The grand finale of the 26th Sundance Festival championed by Robert Redford to support independent cinema ran from January 21-31 in Park City. Despite the agonizing but expected closure of Miramax, it appears that the deals sealed at Sundance this year confirms there is a place for such cinema among audiences. There was substantial check signing activity, which is always welcome news for film makers.
There were a few significant deals inked. Lisa Cholodenko’s (High Art, Six Feet Under), “The Kids Are Alright” sold to Focus Features for just under $5 million. Despite it’s unappealing title, it’s a comedy about a lesbian couple’s children establishing contact with their biological father. Bittersweet is the only way to describe this film. Poignant with lots of laughs and no cheese. Look out for it later this year.
Joel Schumacher’s nasty, teen horror/thriller ‘Twelve” was snapped up by Hannover for $2 million, while Lionsgate gobbled up the rights to Ryan Reynold’s thriller “Buried” for $3.2 million. These are respectable figures in a market cautiously reeling from the deep sting of last year. There wasn’t the glut of films that have previously blinded distributors.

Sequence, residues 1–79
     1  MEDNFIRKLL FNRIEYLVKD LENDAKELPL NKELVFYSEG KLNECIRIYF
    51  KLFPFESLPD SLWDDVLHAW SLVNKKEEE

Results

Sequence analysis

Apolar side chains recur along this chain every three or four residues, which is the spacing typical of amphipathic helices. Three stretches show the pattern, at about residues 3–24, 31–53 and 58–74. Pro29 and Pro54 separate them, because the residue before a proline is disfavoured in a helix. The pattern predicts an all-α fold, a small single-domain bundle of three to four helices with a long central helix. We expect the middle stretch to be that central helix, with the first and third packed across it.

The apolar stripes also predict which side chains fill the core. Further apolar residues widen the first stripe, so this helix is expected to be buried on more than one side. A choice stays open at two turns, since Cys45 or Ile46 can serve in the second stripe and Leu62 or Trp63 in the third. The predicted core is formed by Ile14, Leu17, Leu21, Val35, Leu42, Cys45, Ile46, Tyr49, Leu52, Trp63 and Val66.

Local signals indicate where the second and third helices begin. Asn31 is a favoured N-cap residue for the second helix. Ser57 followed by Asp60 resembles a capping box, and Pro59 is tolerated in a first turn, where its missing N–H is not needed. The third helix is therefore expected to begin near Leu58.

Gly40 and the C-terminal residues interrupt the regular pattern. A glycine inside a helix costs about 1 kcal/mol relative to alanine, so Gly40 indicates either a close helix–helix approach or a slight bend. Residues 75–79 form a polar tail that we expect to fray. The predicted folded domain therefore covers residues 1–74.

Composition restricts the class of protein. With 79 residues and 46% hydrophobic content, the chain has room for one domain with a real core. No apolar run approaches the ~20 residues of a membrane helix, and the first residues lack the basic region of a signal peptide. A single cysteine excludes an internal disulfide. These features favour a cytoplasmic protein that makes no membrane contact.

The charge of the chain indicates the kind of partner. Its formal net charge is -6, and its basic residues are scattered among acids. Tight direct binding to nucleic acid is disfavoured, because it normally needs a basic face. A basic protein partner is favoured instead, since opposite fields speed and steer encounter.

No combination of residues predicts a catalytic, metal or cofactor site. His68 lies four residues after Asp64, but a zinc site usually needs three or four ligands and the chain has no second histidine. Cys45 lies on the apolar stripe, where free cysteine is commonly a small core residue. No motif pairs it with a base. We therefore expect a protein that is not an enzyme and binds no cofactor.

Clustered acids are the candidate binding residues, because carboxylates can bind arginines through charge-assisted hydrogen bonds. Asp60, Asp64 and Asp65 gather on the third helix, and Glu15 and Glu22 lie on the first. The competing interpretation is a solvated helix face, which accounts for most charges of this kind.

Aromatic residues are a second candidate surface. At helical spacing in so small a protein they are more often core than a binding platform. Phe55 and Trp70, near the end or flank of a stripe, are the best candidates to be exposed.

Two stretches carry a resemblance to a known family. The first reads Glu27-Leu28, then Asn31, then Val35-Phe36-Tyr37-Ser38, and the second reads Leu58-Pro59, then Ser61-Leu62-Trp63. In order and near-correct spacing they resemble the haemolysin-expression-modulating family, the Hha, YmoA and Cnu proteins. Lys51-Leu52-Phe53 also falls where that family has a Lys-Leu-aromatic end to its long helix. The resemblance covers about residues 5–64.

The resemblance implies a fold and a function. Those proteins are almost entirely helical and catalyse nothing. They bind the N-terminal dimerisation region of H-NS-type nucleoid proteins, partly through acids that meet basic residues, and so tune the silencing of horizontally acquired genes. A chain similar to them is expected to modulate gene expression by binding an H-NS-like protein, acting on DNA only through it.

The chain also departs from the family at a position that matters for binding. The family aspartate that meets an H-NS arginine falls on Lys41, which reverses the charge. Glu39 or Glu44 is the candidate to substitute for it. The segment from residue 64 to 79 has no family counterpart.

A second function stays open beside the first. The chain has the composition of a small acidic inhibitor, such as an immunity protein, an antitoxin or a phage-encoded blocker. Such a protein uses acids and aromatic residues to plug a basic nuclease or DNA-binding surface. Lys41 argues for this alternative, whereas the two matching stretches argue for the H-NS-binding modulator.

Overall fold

Spaniard Andrea Puig Rodridgo was the talk of the town with her entertaining short called “My Invisble Friend”. Jake Scott’s “Welcome To The Rileys” about a grief-stricken Indiana couple, starring James Gandolfini, also caused waves at the festival.
IFC paid over $1 million for US rights to “The Killer Inside Me”, Brit vet’s drama about a disturbed cop. This stars Casey Affleck and Jessica Alba. The Weinsteins took US rights to Blue Valentine, a courtship drama about a couple tracing their relationship issues to their dating days. This gem stars Ryan Gosling (I’m still reeling over his striking performance in Lars and The Real Girl) and Michelle Williams (Heath Ledger’s widow).
It was also refreshing to see documentaries taking a slice of the sales pie with titles including “Joan Rivers – A Piece of Work” and “Teenage Paparazzo”. Mark Ruffalo’s Jesus DJ spoof “Sympathy For Delicious” also generated some heat.
The dramatic grand jury prize winner was awarded to fellow Melbournian David Michod’s crime family drama “Animal Kingdom”. Ten films have found homes, and counting.
So, the indie film machine is gradually creaking back to life.